In this review, the authors conclude: “in summary, there is insufficient evidence to establish a clear link between mouthwash and oral cancer.” “rather than worrying too much about the dangers of mouthwash, it is more important to take seriously the two known risk factors for oral cancer-smoking and alcohol abuse,” he said.
In a separate meta-analysis in 2012, the researchers pooled 18 studies and found no association between mouthwash use and the risk of oral malignancy, as well as a gradual increase in daily use. There was also no significant upward trend in risk .
At present, there is no clear evidence that alcohol in mouthwash is directly associated with the development of oral cancer. What’s more, many mouthwash users don’t use the mouthwash more than three times a day. So we don’t have to worry too much about the safety of alcoholic mouthwashes.
What should I pay attention to when using mouthwash?
“mouthwash causes cancer” need not worry too much, but if used improperly also may endanger oral health. In selecting and using mouthwash, the following should be noted:
Mouthwash is no substitute for brushing your teeth.
Mouthwash is a good complement to oral hygiene and care, helping to better remove gaps in teeth and mucous surfaces that cannot be reached by toothbrushes. Use of mouthwash can help control plaque and gingivitis. However, please bear in mind that mouthwash is no substitute for brushing your teeth, and proper brushing is still the most effective and simple form of household oral cleaning. If it’s easy to gargle without brushing your teeth, it’s more likely that poor oral health conditions, rather than mouthwash, are responsible for tumors in the mouth.
Non-alcoholic mouthwash can be chosen to reduce irritation.
The safety of alcohol-based mouthwashes is generally not a concern, but mouthwashes with a high alcohol content (up to 26%) are indeed irritating, and special groups such as children and people with alcohol allergies need to be cautious. In addition to these alcohol-based mouthwashes on the market, some non-alcoholic mouthwashes can also be easily bought. These non-alcoholic mouthwashes are often formulated with CPC (low concentration of cetylpyridinium chloride) and have good bactericidal properties and safety. And soft on the palate.
Use prescription mouthwash as directed by your doctor.
Prescription mouthwashes containing ingredients such as microbicides are actually a drug and should be used as directed by your doctor. Overuse of overuse may not help maintain oral health, but may also cause maladjustment of the oral flora, xerostomia, or other problems. For example, chlorhexidine mouthwash, long-term use will cause teeth staining, it is difficult to remove.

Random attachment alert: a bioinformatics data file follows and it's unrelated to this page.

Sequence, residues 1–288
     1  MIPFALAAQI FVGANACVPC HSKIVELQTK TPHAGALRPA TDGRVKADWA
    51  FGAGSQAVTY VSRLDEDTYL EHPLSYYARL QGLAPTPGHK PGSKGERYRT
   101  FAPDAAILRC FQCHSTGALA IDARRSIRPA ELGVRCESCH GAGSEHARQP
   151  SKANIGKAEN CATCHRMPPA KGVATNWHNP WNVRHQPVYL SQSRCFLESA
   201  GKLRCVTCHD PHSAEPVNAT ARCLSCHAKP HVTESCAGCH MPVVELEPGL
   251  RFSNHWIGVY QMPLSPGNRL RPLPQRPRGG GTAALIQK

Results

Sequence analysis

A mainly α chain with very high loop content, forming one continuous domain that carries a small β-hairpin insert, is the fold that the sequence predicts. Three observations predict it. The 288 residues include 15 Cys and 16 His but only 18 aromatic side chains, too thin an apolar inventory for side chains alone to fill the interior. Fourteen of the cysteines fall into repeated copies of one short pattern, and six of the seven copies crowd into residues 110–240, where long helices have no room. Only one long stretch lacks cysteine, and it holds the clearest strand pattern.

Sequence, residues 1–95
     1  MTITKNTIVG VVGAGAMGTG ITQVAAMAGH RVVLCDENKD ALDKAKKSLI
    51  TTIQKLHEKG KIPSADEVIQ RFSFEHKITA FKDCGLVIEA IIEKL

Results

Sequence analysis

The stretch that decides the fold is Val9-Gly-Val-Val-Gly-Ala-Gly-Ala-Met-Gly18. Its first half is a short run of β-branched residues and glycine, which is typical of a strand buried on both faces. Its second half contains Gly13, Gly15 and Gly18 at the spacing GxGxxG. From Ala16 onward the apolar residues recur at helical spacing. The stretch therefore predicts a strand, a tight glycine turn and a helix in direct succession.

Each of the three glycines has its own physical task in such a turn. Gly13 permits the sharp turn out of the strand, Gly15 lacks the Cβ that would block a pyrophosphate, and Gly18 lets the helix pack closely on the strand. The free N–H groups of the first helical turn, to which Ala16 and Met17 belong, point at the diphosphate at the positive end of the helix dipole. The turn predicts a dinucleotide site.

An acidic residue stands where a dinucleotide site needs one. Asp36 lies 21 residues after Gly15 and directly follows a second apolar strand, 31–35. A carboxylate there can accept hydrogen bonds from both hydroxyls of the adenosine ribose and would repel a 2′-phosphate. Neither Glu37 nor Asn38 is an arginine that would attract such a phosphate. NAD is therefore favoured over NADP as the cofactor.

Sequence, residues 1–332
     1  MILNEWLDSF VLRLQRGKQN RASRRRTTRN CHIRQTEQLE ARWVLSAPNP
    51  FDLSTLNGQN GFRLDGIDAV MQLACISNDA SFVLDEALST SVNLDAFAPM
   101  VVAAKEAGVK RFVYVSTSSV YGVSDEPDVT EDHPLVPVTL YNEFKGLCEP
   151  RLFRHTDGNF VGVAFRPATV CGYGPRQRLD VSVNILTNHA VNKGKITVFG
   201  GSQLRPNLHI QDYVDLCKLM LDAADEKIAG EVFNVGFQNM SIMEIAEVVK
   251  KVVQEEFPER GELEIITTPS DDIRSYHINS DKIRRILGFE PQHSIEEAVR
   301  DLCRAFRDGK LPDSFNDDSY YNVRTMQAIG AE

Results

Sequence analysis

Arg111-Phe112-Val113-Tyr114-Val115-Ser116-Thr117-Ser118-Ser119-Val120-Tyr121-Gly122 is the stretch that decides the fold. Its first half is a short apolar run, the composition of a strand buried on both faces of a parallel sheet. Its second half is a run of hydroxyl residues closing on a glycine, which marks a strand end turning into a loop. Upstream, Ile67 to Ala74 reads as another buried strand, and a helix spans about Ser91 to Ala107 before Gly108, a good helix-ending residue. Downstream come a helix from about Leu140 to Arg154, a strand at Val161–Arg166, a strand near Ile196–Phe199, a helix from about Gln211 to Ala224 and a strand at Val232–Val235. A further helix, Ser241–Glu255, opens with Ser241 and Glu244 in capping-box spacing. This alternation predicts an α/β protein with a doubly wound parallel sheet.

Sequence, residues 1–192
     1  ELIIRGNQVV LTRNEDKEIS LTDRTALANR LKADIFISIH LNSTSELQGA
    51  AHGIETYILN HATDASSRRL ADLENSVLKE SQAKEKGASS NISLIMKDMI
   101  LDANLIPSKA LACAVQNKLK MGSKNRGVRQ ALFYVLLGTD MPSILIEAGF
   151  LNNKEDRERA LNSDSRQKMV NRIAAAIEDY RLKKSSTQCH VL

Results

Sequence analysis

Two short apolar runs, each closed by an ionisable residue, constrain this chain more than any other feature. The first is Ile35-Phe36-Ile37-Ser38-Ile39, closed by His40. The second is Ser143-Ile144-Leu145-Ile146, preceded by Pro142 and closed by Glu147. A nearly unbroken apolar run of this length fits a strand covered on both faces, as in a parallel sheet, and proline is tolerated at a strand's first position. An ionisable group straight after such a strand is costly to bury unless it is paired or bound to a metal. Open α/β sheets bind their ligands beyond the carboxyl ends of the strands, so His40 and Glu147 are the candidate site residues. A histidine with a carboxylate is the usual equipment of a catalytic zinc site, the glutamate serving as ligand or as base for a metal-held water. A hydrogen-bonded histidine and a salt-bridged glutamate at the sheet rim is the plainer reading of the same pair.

Buy branded mouthwash.
Buy mouthwash products from big brands with guaranteed credibility, and don’t listen to all kinds of sensational “magic recipes.”
Please keep in mind that mouthwash is only an adjunct to oral health care and cannot be used to treat all kinds of oral diseases.
The claim that mouthwash causes cancer has been around for a long time, but there is a lack of hard evidence to support it. Instead of worrying about mouthwash, be aware of the exact risk factors for oral cancer, such as smoking, alcohol abuse, and betel nut chewing.
Lachenmeier DW1, Gumbel-Mako S, Sohnius EM,et al.
Salivary acetaldehyde increase due to alcohol-containing mouthwash use: a risk factor for oral cancer. Int J Cancer. 2009 Aug 1;125(3):730-5.
MJ McCullough, CS Farah (2008). The role of alcohol in oral carcinogenesis with particular reference to alcohol-containing mouthwashes Australian Dental Journal, 53 (4), 302-305
Does mouthwash cause cancer? – Cancer Research UK
Gandini S, Negri E, Boffetta P, et al. Mouthwash and oral cancer risk quantitative meta-analysis of epidemiologic studies. Ann Agric Environ Med. 2012;19(2):173-80.
N. Guha, P. Boffetta, V. Wunsch Filho, et al. Oral Health and Risk of Squamous Cell Carcinoma of the Head and Neck and Esophagus: Results of Two Multicentric Case-Control Studies. American Journal of Epidemiology, 166 (10), 1159-1173 DOI: 10.1093/aje/kwm193